Looking at building design and construction is what drives my curiosity for walks in old down town areas of cities.
The oldest building in Santa Fe is the Palace of the Governors (today a museum) dating to the early 17th century. Probably makes it the oldest continually used building in the United States. The history of the southwest is forgotten by the history books as the focus seems to be about what happened on the East Coast.
The Loretto Chapel is just off the main square. Its fame is a circular staircase to the choir loft. The staircase has no visible means of support. Completed in 1878 and built of local sandstone, today it is a museum to preserve the building and the circular staircase. During this visit to Santa Fe, there was no inside tour. The walk was to look at the building exteriors.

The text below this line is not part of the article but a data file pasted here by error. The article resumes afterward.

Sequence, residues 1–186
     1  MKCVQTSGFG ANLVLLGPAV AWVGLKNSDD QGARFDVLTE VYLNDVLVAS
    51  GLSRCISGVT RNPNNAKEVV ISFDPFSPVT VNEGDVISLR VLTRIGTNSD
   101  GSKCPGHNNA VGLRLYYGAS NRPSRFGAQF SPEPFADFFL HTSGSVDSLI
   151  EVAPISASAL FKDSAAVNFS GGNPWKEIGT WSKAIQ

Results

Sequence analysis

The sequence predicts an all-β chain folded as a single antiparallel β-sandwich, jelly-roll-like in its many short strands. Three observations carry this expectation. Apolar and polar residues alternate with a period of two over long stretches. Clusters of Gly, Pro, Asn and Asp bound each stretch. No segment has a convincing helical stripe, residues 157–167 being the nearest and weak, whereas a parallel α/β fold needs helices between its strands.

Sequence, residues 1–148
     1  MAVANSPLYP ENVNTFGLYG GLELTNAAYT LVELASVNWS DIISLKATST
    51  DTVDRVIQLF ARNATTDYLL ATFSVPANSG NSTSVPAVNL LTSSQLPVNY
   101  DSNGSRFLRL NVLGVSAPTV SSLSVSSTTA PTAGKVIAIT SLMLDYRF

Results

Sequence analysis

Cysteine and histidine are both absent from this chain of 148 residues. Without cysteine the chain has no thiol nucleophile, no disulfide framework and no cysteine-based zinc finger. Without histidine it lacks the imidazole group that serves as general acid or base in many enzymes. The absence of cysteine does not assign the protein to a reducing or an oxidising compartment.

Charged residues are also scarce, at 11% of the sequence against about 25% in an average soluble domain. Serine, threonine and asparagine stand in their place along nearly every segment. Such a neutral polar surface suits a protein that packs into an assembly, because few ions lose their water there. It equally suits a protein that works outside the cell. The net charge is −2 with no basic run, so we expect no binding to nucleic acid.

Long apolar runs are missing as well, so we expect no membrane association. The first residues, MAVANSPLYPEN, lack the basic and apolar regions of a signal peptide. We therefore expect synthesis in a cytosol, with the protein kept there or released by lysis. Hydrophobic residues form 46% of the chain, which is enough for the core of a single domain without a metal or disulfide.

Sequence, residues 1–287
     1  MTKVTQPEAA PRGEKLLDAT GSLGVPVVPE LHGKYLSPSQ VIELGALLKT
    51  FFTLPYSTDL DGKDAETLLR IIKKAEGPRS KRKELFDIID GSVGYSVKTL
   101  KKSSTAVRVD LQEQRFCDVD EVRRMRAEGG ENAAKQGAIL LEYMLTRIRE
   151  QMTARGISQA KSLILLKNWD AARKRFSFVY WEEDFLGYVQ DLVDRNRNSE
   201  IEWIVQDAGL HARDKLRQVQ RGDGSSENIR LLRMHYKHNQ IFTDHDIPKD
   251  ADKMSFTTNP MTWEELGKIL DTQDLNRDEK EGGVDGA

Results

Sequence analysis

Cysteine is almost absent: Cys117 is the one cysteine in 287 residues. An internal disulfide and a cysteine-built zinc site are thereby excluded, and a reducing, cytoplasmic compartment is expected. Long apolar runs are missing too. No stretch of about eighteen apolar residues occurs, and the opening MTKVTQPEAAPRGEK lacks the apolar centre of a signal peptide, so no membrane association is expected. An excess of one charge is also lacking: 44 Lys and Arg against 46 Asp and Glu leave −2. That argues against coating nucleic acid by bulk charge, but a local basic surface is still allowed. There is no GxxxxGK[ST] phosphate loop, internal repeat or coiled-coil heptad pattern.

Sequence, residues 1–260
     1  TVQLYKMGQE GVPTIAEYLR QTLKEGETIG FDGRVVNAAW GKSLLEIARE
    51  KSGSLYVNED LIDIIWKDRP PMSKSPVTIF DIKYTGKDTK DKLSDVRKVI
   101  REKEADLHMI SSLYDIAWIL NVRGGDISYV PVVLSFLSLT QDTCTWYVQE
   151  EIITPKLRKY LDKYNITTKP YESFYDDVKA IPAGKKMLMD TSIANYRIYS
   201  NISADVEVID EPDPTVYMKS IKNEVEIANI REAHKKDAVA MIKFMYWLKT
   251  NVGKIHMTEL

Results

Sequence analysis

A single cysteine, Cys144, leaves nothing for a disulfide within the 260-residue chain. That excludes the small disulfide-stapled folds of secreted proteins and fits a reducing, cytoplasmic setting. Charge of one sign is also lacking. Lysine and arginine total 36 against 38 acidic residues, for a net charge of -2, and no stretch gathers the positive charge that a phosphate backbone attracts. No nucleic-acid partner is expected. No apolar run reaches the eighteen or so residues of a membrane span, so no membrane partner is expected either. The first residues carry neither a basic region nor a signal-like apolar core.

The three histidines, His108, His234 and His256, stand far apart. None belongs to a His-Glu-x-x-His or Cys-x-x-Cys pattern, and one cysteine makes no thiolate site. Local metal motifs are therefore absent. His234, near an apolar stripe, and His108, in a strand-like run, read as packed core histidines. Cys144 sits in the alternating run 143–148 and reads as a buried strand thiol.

When New Mexico became part of the United States in 1848, the building was conceived as the territorial capitol building. Begun in 1853, lack of funding and the Civil War interfered. The building was finally completed in 1889. Never used as a capitol building, in 1930 an addition was made to the rear of the building. This photo shows the building from the rear with the new portion to the right of the photo. The contrast between the two parts of the building is the notable use of concrete in the 1930 addition.
The Scottish Rite Masonic Temple was built in a Moorish style in 1913. That bright pink is the original architect's specification. Today's Santa Fe building codes would not allow that color. Today the required color is adobe.
This building was originally a gasoline service station with a covered section. It was cleverly repurposed as a drive through for an ATM.
Many times new construction will include an adobe wall around a courtyard with a door/gate opening to the street. This is one of many that I noted in my walk.
Great day for a walk to view a variety of building construction. Life is great.